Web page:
Teachers Community of Learning Bangalore South Block 3 Vidyagama program
As a result of the lock-down owing to Covid-19, schools are exploring ways of supporting student learning. Given that the situation is not a short term challenge and is likely to pose difficulties intermittently, it is necessary to evolve appropriate and flexible strategies to design learning possibilities for students, especially for students who may not receive much support at home. The flexible strategies will involve a combination of online sessions with offline activities, project-based learning, thematic learning, etc. Having no interactions with students, or relying only on online education would not be adequate and research says that students, particularly from marginalized backgrounds run the risk of malnutrition, dropping out of education, early marriages and child labour.
The TCOL program has aimed to support schools and teachers to integrate ICT in their teaching and this situation requires careful attention to possibilities of supporting learning, and the 2020-21 program will focus on this requirement.
Principles of the program
- Decentralization - Locating the teacher at the center of the effort and supporting decentralized efforts by schools and communities, rather than a centralized one-size-fits-all program. This is essential for flexible, including 'out of box' local actions to changing situations. Local actions will also be quicker than centralized decision making. Teachers and schools need to be empowered to take timely decisions to respond to challenges, instead of waiting for instructions. This requires appropriate guidelines to be provided, requiring local actions.
- Comprehensive efforts - Exploring multiple options to provide holistic learning opportunities to students, beyond only 'digital education'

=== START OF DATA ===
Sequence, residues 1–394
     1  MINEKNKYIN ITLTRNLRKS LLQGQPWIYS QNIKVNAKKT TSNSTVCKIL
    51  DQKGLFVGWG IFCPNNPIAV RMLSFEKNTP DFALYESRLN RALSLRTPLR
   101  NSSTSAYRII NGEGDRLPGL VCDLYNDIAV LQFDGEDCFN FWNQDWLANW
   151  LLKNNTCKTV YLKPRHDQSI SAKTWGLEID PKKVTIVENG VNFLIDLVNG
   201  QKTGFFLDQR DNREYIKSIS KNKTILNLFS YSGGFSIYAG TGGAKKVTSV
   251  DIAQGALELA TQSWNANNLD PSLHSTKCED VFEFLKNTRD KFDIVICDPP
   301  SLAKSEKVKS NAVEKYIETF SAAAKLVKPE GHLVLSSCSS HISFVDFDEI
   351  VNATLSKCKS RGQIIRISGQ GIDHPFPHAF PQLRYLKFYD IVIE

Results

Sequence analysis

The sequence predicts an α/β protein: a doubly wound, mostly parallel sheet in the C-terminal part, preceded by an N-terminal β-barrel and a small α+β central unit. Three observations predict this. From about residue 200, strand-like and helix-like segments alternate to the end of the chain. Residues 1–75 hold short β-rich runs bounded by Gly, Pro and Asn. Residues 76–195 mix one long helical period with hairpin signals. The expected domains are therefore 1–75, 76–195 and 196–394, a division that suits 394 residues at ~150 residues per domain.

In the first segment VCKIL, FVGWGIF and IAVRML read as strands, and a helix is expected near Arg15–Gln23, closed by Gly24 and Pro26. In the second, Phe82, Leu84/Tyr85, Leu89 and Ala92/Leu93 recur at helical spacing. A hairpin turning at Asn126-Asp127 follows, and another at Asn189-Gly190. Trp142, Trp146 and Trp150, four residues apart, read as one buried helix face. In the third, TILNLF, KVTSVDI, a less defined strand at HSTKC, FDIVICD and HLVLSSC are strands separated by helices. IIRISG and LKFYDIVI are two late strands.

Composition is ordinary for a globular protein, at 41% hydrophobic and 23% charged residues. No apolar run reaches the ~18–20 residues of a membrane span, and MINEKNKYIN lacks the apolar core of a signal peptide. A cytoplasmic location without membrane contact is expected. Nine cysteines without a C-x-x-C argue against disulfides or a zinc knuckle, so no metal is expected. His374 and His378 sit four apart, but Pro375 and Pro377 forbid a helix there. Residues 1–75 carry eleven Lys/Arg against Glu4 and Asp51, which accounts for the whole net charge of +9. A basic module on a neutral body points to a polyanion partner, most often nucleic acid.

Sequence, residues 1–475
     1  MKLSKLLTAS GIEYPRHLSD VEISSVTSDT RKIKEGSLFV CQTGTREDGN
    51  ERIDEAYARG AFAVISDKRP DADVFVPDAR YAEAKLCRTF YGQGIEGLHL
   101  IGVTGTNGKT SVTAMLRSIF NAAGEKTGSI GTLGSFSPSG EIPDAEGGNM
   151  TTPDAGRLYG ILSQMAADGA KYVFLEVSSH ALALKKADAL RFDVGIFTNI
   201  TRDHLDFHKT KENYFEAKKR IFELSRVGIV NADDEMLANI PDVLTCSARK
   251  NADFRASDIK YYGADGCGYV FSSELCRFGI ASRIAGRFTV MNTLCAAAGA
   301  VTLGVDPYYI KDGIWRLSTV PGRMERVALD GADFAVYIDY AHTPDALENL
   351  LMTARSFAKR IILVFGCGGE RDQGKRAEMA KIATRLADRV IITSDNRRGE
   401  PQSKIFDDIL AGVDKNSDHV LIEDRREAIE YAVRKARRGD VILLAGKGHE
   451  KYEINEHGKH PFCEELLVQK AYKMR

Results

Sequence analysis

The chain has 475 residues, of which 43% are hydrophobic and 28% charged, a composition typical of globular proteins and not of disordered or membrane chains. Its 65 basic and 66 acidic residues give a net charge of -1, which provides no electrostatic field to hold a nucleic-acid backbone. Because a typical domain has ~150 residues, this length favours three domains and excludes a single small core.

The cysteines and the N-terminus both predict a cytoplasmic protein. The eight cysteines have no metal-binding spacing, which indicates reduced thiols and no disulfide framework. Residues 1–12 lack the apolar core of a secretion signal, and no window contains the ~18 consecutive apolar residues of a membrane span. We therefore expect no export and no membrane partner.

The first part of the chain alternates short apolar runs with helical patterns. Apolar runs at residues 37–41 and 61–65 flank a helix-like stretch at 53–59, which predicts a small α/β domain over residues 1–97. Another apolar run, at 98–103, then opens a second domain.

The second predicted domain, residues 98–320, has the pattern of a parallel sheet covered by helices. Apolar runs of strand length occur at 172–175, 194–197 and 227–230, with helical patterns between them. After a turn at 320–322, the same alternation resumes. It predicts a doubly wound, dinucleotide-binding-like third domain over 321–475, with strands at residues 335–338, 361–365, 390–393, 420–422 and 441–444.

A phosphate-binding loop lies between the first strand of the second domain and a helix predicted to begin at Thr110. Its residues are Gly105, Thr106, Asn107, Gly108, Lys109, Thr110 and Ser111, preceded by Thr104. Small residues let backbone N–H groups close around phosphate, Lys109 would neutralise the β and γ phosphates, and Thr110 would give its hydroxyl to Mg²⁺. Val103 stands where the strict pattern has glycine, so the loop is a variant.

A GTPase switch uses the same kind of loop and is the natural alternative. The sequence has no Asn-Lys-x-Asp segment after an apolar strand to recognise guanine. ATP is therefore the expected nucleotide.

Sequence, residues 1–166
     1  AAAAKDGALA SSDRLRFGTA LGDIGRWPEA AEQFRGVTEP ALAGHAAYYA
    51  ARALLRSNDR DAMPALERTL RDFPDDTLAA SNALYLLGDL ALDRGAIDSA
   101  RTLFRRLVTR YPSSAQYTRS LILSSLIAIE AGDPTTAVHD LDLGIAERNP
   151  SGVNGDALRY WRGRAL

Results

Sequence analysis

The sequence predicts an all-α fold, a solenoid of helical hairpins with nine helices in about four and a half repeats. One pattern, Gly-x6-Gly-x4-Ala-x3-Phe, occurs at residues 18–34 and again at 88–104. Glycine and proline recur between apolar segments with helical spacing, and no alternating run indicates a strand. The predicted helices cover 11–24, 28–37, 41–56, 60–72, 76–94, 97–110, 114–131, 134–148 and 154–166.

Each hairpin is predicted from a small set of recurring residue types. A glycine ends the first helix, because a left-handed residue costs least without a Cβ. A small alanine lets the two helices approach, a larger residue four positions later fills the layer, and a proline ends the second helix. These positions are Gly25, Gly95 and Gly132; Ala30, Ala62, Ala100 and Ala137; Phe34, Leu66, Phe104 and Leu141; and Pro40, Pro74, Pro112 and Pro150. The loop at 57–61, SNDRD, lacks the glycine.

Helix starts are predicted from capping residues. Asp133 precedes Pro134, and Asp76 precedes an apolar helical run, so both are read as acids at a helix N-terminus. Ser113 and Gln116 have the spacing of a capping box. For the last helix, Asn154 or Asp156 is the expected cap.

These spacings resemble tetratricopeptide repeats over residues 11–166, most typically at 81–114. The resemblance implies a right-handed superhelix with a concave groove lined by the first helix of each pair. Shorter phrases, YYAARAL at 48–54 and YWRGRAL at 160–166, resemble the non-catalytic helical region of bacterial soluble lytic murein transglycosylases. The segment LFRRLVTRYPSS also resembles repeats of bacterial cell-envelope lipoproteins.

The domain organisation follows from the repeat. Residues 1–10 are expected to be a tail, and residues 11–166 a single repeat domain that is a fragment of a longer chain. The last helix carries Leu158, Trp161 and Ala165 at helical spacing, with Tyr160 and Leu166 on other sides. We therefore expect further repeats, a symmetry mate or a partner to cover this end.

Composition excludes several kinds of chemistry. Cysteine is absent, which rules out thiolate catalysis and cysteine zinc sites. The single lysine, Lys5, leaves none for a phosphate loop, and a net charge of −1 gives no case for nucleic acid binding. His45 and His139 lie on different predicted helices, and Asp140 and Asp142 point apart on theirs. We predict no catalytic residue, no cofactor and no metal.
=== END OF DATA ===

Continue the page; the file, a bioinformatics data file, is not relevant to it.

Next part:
- Aims of education - Going beyond syllabi and textbook confines, to explore education in the context of an unprecedented pandemic, whose impact will stay for decades. This exploration is needed in line with the larger aims of education, to build concerned and capable citizens, who can work towards the attainment of our constitutional ideals.
- Adequately resourcing - schools and teachers to be able to respond to the challenges. The pandemic will require far greater investment in schools, especially schools working with students from marginalized communities, and the resourcing/funding of activities will directly influence the overall effectiveness of the efforts.
Design of school-level intervention
Collection of context information for planning teaching-learning
While schools will have basic information about their students and parents, collected during the admission process, to enable online education, more information needs to be collected covering - address, map location, number of devices at home, Internet connectivity on each device, availability of device with the student (if the device is owned by a parent who takes it to work, then it would be accessible to the student only in the morning or the evening), electricity supply situation, siblings and the grades they are studying in (since some of the offline activities can take the support of parents and siblings), parent's educational status, etc. See this sheet for an information template. Each school needs to create a similar document to plan its online and offline teaching efforts.
IVRS (Interactive Voice Recognition System) can provide the schools an easier way to collect most of this data without needing to call all parents repeatedly. The school can record a message with provides simple options to the receiver (parent) to provide answers to many of these questions by pressing the number pad in their phones (press 1 for 'have one device at home'). The responses would be automatically collected in a spreadsheet and can be used for micro-planning. See this document for an illustrative IVRS message to parents. This should be sent in the language that the parents speak and should be in the manner they speak (rather than formal textbookish versions of the language).